Chesapeake Bay Activities

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The Chesapeake Bay is our Nation’s largest estuary and provides over $100 billion in annual economic value. The USGS works with Federal, State, local, and academic partners to provide research and monitoring and to communicate results to inform management for the Chesapeake and other important landscapes across the Nation. See our Science page to learn about our themes and topics being addressed.

Land-Use Influences on Estrogenic-Endocrine Disruption in Fish

Land-Use Influences on Estrogenic-Endocrine Disruption in Fish

Effects of exposure to estrogenic-chemical contaminants have been observed in many fish species worldwide. One effect is described as “intersex” because fish will take on characteristics of the other sex, such as immature eggs forming in male fish.

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Nutrient Trends and Drivers in the Chesapeake Bay Watershed

Nutrient Trends and Drivers in the Chesapeake Bay Watershed

Trends in nitrogen and phosphorus, and the complex factors affecting their change, provide important insights into the effectiveness of efforts to reduce nutrients from reaching the tidal waters of the Bay.

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Quick Links

Learn more about USGS science activities in the Bay from our Science Strategy. Additional summaries of the USGS Chesapeake Bay Activities are available in the science topics section.

Science Summaries, Features, and Videos

Chesapeake Bay Activities Bibliography

Chesapeake Bay Newsletter

Science Activities

USGS Chesapeake Bay Science Fact Sheet

News

Date published: February 25, 2021

Land use tied to ‘intersex’ smallmouth bass in Bay rivers

Bay Journal — By Timothy Wheeler — February 25, 2021

February 24, 2021

Chesapeake Bay Activities Newsletter January-February 2021

The USGS provides research and monitoring to better understand and restore the Chesapeake Bay and its watershed. Our technical reports and journal articles, which we translate into science summaries, provide the findings used by federal, state, and local decisionmakers to inform restoration and conservation decisions. Here are some recent highlights.

Learn more about USGS Chesapeake Bay activities

Date published: February 17, 2021

Fact sheet on nutrient trends in the Chesapeake now available

University of Maryland | Center for Environmental Science | Integration and Application Network — February 2021

Publications

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Year Published: 2021

Nutrient trends and drivers in the Chesapeake Bay Watershed

The Chesapeake Bay Program maintains an extensive nontidal monitoring network, measuring nitrogen and phosphorus (nutrients) at more than 100 locations on rivers and streams in the watershed. Data from these locations are used by United States Geological Survey to assess the ecosystem’s response to nutrient-reduction efforts. This fact sheet...

Hyer, Kenneth E.; Phillips, Scott W.; Ator, Scott W.; Moyer, Douglas L.; Webber, James S.; Felver, Rachel; Keisman, Jennifer L.; McDonnell, Lee A.; Murphy, Rebecca; Trentacoste, Emily M.; Zhang, Qian; Dennison, William C.; Swanson, Sky; Walsh, Brianne; Hawkey, Jane; Taillie, Dylan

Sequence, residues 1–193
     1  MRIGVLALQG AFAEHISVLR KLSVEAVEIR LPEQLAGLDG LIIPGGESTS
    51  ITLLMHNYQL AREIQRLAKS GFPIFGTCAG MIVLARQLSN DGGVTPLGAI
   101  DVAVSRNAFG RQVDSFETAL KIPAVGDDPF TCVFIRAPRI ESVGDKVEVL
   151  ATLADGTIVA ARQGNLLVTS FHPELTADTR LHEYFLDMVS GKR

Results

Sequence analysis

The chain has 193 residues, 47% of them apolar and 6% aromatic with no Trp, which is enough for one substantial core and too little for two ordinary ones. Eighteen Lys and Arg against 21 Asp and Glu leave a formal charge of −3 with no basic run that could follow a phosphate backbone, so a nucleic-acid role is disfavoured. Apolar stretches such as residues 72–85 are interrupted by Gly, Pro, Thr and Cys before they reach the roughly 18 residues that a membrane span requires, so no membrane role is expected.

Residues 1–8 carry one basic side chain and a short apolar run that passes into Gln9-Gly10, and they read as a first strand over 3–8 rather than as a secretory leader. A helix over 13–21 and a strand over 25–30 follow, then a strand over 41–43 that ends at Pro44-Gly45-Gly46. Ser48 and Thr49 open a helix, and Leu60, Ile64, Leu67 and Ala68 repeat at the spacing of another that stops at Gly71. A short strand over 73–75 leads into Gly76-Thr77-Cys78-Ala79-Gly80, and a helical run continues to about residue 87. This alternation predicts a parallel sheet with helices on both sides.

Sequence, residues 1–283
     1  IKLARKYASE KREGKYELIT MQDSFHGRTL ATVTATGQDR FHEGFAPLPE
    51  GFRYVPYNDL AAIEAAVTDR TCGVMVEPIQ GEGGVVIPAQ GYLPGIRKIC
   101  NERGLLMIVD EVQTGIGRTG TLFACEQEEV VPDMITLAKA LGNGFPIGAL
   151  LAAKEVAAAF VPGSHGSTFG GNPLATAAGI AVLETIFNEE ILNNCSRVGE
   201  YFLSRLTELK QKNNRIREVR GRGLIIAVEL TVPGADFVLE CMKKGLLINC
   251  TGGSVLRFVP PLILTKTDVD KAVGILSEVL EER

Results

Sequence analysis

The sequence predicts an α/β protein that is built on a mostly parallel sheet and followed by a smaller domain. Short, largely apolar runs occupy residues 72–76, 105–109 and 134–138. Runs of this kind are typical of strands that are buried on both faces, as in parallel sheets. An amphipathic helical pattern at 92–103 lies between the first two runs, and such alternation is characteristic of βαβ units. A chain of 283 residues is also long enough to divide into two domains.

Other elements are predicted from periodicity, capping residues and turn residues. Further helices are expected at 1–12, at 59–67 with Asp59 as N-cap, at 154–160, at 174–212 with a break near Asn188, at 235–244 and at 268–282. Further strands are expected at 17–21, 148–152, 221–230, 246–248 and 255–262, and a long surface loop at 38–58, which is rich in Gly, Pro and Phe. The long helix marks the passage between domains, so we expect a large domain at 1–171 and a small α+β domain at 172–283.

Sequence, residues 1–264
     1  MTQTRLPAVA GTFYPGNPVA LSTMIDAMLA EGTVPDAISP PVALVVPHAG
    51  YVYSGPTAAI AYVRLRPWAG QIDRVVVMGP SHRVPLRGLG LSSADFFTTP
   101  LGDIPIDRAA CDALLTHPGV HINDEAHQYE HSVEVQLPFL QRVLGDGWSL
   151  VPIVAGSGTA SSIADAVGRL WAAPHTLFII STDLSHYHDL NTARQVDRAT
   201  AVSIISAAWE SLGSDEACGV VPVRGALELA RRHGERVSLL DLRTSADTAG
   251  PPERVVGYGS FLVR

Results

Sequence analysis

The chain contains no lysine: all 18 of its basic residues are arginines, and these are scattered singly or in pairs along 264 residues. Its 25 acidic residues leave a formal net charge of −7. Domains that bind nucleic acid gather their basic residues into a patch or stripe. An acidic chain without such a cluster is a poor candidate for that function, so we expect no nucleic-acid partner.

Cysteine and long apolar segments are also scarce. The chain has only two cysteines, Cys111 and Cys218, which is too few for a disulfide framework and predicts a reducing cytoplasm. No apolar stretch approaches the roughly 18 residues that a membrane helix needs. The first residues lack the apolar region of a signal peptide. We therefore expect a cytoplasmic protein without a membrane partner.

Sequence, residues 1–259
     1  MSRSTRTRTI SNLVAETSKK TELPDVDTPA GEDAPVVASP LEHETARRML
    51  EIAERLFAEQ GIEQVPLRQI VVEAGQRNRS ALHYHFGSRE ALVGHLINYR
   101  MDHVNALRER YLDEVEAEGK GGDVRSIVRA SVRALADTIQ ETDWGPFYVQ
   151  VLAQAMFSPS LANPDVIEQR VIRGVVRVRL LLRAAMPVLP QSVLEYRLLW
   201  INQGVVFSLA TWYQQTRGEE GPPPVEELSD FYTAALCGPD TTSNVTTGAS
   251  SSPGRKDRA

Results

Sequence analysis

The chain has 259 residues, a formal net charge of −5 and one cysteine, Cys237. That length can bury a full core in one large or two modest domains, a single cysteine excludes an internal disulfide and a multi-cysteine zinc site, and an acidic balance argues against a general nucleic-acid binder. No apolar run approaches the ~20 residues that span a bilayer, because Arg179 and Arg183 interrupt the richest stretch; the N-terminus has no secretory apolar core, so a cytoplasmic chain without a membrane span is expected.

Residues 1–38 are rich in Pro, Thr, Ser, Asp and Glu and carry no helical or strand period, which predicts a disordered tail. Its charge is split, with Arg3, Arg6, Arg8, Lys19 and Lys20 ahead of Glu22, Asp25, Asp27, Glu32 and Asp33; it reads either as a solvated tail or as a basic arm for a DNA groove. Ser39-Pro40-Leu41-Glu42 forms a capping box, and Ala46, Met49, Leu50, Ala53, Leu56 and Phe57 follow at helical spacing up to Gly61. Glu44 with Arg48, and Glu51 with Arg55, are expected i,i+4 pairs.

Hyer, K.E., Phillips, S.W., Ator, S.W., Moyer, D.L., Webber, J.S., Felver, R., Keisman, J.L., McDonnell, L.A., Murphy, R., Trentacoste, E.M., Zhang, Q., Dennison, W.C., Swanson, S., Walsh, B., Hawkey, J., and Taillie, D., 2021, Nutrient trends and drivers in the Chesapeake Bay Watershed: U.S. Geological Survey Fact Sheet 2020–3069, 4 p., https://doi.org/10.3133/fs20203069.

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Year Published: 2021

Spatial and temporal patterns of low streamflow and precipitation changes in the Chesapeake Bay Watershed

Spatial and temporal patterns in low streamflows were investigated for 183 streamgages located in the Chesapeake Bay Watershed for the period 1939–2013. Metrics that represent different aspects of the frequency and magnitude of low streamflows were examined for trends: (1) the annual time series of seven‐day average minimum streamflow, (2) the...

Fleming, Brandon J.; Archfield, Stacey A.; Hirsch, Robert M.; Kiang, Julie E.; Wolock, David M.

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Year Published: 2020

Assessing native fish restoration potential in Catoctin Mountain Park

Biological conservation is a fundamental purpose of the National Park system, and Catoctin Mountain Park (CATO) supports high-quality habitat for native fishes in the headwaters of the Chesapeake Bay watershed in eastern North America. However, native Blue Ridge sculpin (Cottus caeruleomentum) have been extirpated in Big Hunting Creek above...

Hitt, Nathaniel P.; Kessler, Karmann G.; Kelly, Zachary A.; Rogers, Karli M.; Macmillan, Hannah E.; Walsh, Heather L.
Hitt, N.P., Kessler, K.G., Kelly, Z.A., Rogers, K.M., Macmillan, H.E., and Walsh, H.L., 2020, Assessing native fish restoration potential in Catoctin Mountain Park: U.S. Geological Survey Open-File Report 2020–1137, 17 p., https://doi.org/10.3133/ofr20201137.